Study finds disparities in functional improvement of home health care patients based on race, ethnicity and income

home health care

Reliance on home health care services is increasing in the U.S. A new study from the University of Minnesota School of Public Health (SPH) quantifies the degree to which home health care patients’ race, ethnicity and income level is linked to disparities in their functional improvement. This can include clinically significant improvement in activities of daily living and a reduction in dependency on continued medical treatment.

SPH researchers analyzed overall functional improvement outcomes for a sample of home health patients that included Black, Hispanic, Asian-American/Pacific Islander (AAPI), American Indian/Alaska Native (AIAN) and white Medicare-enrolled people aged 65 years and older. By measuring the functional improvement of patients both within specific home health agencies and between different home health agencies, the researchers developed a more complete analysis of what causes disparities in functional improvement.

The researchers measured functional improvement using a five-category outcome: any functional improvement, no functional improvement, death while a patient, transfer to an in-patient setting, and continuing to use home health services.

“When inequities exist within an agency, there are differences in treatment (i.e., discrimination),” says SPH Assistant Professor and lead researcher Shekinah Fashaw-Walters. “When inequities exist between agencies, it suggests there are differences in access. These within-agency and between-agencies differences also speak to various levels and types of racism—within-agency differences may more readily reflect interpersonal racism, whereas between-agency differences are more likely to be the result of structural or institutional racism.”

The study, which appears in Health Services Research, found disparities within and across different home health agencies, including:

  • The percentage of patients with functional improvement was 79% for white and higher-income patients, 76% for AAPI patients, 72% for Black and AIAN patients, 71% for low-income patients and 70% for Hispanic patients.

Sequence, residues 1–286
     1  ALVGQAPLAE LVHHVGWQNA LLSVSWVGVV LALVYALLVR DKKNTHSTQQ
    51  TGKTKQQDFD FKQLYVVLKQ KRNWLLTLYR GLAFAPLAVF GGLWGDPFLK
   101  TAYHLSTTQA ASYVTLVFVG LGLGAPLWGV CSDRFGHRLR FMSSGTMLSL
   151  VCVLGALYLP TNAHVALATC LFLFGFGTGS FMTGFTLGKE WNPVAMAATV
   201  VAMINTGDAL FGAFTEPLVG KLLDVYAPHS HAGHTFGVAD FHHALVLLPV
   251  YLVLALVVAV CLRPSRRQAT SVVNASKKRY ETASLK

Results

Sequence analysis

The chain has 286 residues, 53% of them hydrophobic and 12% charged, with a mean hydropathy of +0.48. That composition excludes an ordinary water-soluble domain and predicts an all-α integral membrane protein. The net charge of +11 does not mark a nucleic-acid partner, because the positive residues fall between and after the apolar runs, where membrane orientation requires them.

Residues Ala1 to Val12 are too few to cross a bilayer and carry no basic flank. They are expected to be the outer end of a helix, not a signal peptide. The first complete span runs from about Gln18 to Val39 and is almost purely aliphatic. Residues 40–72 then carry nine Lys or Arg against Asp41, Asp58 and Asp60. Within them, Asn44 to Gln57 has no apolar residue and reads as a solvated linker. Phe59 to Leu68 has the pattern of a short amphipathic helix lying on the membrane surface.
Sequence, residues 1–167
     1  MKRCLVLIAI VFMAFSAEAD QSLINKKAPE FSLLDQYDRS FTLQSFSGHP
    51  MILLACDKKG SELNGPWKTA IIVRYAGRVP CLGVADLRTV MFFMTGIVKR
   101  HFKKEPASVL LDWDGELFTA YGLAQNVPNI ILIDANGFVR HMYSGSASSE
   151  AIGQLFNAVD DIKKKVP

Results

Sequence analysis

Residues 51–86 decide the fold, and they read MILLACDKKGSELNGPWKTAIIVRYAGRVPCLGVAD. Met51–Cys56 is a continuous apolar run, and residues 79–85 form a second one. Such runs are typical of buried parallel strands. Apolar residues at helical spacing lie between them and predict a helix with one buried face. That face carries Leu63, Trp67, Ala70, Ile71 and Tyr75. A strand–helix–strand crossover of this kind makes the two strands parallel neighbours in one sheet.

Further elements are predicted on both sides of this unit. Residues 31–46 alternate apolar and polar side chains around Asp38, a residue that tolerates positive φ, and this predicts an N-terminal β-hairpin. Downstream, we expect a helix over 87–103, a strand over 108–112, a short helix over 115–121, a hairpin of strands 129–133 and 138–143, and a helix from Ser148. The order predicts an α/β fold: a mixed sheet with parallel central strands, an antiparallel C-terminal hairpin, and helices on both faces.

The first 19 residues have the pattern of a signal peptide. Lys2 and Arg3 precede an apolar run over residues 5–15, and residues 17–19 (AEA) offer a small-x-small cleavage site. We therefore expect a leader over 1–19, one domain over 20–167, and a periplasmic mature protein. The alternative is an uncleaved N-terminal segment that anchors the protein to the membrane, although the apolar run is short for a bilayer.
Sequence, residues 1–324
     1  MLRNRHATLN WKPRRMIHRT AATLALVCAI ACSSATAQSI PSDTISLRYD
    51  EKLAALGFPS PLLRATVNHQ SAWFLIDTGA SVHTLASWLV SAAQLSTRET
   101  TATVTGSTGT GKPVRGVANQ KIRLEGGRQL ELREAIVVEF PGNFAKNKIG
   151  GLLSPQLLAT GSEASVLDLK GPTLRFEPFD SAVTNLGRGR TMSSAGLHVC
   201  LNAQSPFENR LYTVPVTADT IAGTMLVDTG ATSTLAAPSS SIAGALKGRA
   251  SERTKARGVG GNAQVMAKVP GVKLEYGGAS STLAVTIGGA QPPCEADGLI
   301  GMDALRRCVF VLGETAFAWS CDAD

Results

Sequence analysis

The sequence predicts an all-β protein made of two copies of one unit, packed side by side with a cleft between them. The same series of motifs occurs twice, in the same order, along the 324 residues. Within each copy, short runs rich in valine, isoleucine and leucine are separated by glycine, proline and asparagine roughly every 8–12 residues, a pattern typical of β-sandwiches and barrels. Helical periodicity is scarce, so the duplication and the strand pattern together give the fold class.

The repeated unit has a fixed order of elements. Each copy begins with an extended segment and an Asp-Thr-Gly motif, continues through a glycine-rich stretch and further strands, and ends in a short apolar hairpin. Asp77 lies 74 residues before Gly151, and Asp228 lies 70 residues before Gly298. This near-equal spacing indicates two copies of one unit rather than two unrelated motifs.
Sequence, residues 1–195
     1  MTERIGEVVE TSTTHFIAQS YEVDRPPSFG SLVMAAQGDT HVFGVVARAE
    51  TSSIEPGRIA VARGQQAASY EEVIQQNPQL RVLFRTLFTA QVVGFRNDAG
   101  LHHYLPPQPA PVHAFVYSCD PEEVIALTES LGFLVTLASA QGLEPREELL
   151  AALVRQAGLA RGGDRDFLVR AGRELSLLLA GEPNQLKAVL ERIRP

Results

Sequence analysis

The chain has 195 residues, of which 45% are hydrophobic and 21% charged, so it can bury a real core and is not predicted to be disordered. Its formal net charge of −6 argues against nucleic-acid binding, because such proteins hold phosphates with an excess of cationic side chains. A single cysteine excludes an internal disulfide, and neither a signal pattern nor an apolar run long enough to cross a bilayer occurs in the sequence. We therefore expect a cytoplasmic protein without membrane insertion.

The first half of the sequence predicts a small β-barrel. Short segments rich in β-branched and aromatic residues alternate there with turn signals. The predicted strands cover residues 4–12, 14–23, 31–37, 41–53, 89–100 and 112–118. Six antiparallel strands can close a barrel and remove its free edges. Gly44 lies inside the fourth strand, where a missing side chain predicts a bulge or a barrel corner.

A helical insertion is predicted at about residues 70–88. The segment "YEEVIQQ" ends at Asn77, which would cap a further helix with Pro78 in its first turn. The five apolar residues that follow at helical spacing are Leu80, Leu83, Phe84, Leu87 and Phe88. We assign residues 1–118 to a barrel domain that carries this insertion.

• Adjusting for individual-level characteristics, Black, Hispanic, AIAN and low-income home health patients were all more likely to be discharged from home health care without functional improvement compared to white and higher-income patients.
  • Functional improvement inequities for Black, Hispanic and AIAN patients are mostly attributable to the quality of the home health agencies to which they have access in their communities.
  • Low-income patients had less functional improvement than their higher-income counterparts within the same home health agencies.

“Understanding how inequities are created and maintained is important for understanding how we can advance equity in the home health care setting,” Fashaw-Walters says.

“As one of the first studies to look at racial, ethnic and income-based disparities in home health functional improvement for older adults, this research speaks to the various ways in which functional improvement inequities are created and maintained.”

“Inequities are not created equally—to create change for most racial and ethnically minoritized home health patients we have to focus on improving access to higher quality agencies; but for lower-income home health patients we have to focus on making sure they are receiving equitable treatment within each agency.”

The researchers also provide recommendations for mitigating both within and between home health agency inequities, including improving the quality of home health agencies that serve more marginalized patients, incentivizing improved equity within home health agencies and encouraging home health agencies to develop socially-conscious caregiver training programs.

More information:
Shekinah A. Fashaw‐Walters et al, Getting to the root: Examining within and between home health agency inequities in functional improvement, Health Services Research (2023). DOI: 10.1111/1475-6773.14194

Journal information:
Health Services Research

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